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May 1963

A Vena Cava Filter for the Prevention of Pulmonary Embolism: A Five-Year Clinical Experience

Author Affiliations

From the Department of Surgery, University of Michigan.

Arch Surg. 1963;86(5):852-868. doi:10.1001/archsurg.1963.01310110162022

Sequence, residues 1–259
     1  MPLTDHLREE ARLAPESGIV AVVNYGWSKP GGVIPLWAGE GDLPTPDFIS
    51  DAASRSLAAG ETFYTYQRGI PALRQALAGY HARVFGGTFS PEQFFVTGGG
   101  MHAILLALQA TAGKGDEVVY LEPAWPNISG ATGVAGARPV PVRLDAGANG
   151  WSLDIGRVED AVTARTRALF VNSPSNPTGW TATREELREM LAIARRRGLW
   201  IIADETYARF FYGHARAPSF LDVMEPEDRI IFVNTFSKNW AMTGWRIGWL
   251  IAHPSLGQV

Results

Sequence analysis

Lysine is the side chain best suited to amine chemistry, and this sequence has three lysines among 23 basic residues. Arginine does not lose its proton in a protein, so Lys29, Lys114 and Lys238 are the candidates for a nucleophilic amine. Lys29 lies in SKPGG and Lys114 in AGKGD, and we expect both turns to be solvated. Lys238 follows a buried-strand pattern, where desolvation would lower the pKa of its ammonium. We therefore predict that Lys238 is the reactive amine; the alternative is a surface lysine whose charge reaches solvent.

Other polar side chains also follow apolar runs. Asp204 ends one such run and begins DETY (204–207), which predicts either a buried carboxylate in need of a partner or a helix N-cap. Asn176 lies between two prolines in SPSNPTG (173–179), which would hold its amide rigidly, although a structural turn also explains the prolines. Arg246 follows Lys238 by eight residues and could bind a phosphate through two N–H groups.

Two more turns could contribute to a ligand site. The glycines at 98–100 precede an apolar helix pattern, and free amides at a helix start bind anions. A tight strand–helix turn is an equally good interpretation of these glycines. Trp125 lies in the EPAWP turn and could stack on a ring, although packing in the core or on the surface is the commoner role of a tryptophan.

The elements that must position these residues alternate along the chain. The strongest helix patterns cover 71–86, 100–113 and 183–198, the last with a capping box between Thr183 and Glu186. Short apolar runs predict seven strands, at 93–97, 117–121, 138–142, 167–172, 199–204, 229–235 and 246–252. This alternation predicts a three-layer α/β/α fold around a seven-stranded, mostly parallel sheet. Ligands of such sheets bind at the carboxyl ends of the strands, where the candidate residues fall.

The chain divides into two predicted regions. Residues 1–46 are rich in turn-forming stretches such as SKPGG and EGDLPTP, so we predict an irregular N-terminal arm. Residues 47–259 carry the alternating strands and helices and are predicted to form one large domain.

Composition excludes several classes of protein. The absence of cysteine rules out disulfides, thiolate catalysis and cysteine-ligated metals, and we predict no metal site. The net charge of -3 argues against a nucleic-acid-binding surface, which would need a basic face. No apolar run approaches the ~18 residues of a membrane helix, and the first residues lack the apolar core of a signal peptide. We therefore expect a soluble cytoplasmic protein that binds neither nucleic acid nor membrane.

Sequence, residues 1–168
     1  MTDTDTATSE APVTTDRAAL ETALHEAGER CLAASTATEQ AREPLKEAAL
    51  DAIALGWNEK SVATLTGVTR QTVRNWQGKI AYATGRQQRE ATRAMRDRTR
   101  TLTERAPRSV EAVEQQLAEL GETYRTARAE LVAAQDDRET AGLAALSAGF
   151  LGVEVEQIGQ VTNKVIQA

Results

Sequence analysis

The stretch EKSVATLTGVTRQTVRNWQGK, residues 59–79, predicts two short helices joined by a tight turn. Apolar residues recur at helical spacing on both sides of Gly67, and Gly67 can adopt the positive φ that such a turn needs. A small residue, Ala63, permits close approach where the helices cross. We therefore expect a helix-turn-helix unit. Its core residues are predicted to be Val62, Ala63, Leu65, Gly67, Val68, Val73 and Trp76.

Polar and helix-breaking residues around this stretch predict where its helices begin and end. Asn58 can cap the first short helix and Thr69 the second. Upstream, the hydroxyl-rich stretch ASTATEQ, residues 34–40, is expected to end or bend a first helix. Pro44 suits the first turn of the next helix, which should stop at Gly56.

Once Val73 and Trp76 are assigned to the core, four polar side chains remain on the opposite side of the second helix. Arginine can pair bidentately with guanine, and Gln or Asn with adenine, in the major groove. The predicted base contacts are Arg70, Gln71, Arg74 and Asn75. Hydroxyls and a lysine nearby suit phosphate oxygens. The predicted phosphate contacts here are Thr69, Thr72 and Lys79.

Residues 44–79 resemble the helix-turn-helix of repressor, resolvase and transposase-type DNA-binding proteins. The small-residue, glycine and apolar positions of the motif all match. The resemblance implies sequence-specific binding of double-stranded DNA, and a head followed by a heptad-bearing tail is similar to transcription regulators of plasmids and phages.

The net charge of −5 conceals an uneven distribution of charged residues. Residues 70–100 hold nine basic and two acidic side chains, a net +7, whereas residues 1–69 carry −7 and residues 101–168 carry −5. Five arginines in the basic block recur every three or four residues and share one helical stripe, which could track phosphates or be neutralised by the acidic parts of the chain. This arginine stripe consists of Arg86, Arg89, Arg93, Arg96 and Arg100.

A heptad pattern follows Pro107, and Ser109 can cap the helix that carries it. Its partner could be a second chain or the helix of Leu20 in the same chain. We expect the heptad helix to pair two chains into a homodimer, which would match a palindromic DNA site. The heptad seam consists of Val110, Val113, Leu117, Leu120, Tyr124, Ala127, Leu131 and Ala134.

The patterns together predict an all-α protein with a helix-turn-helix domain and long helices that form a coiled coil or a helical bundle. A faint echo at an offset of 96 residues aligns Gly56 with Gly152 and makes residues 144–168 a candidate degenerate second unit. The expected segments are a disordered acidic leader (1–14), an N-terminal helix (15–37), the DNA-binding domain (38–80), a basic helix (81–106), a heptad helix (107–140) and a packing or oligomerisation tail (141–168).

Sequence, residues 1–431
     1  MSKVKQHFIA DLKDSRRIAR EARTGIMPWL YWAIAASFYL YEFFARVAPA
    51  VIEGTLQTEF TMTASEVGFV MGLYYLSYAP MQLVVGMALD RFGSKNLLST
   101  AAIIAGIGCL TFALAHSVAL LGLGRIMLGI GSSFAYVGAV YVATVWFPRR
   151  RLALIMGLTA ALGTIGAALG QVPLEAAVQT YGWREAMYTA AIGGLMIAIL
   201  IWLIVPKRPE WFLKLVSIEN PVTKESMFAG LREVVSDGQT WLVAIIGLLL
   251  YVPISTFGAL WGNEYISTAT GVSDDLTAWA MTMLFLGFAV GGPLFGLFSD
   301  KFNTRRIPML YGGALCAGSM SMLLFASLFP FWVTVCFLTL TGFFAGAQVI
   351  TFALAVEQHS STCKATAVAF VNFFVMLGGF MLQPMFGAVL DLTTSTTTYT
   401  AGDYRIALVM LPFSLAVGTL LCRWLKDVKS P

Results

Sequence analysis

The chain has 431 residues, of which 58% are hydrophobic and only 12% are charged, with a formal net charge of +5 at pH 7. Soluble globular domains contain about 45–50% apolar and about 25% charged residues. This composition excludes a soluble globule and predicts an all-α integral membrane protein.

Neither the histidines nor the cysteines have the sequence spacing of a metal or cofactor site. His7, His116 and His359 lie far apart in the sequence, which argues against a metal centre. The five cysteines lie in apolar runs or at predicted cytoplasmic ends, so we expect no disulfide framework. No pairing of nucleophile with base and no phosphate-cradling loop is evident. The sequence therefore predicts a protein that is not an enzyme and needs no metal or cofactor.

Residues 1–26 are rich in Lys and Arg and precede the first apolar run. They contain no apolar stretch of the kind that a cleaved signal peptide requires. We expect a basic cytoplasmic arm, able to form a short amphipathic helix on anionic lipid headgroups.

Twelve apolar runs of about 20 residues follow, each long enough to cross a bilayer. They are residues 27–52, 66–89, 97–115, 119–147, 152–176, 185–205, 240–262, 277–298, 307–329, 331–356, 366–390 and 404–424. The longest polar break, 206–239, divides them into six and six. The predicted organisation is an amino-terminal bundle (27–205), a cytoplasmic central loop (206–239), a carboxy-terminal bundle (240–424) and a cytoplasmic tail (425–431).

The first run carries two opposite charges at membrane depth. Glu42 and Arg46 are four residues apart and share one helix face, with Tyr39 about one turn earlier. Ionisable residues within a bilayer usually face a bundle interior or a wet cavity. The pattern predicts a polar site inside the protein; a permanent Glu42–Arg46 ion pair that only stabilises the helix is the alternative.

Introduction  Mechanistic methods for preventing fatal pulmonary infarction due to thromboembolism have challenged the imagination of surgeons since Trendelenberg first proposed pulmonary embolectomy in 1908.30 Ligation of femoral veins, first proposed by Homans in 193411 has been subjected to extensive trial and study and has been found wanting.4,13,17 Iliofemoral thrombectomy, introduced by Läwen in 1938,16 is currently experiencing a rebirth of interest and may be effective in acute processes.5,10 Permanent ligation of the vena cava, also first suggested by Homans12 in 1944, has most successfully withstood the test of time and has undoubtedly saved many lives.23Although some surgeons15,23 minimize its importance, many patients experience significant postligation ulceration or edema after caval ligation.26 This has provoked other investigators to continue their search for a better method. Streuter and Paine (1951),29 Pualwan et al (1954),24 and Dale (1958)3 presented

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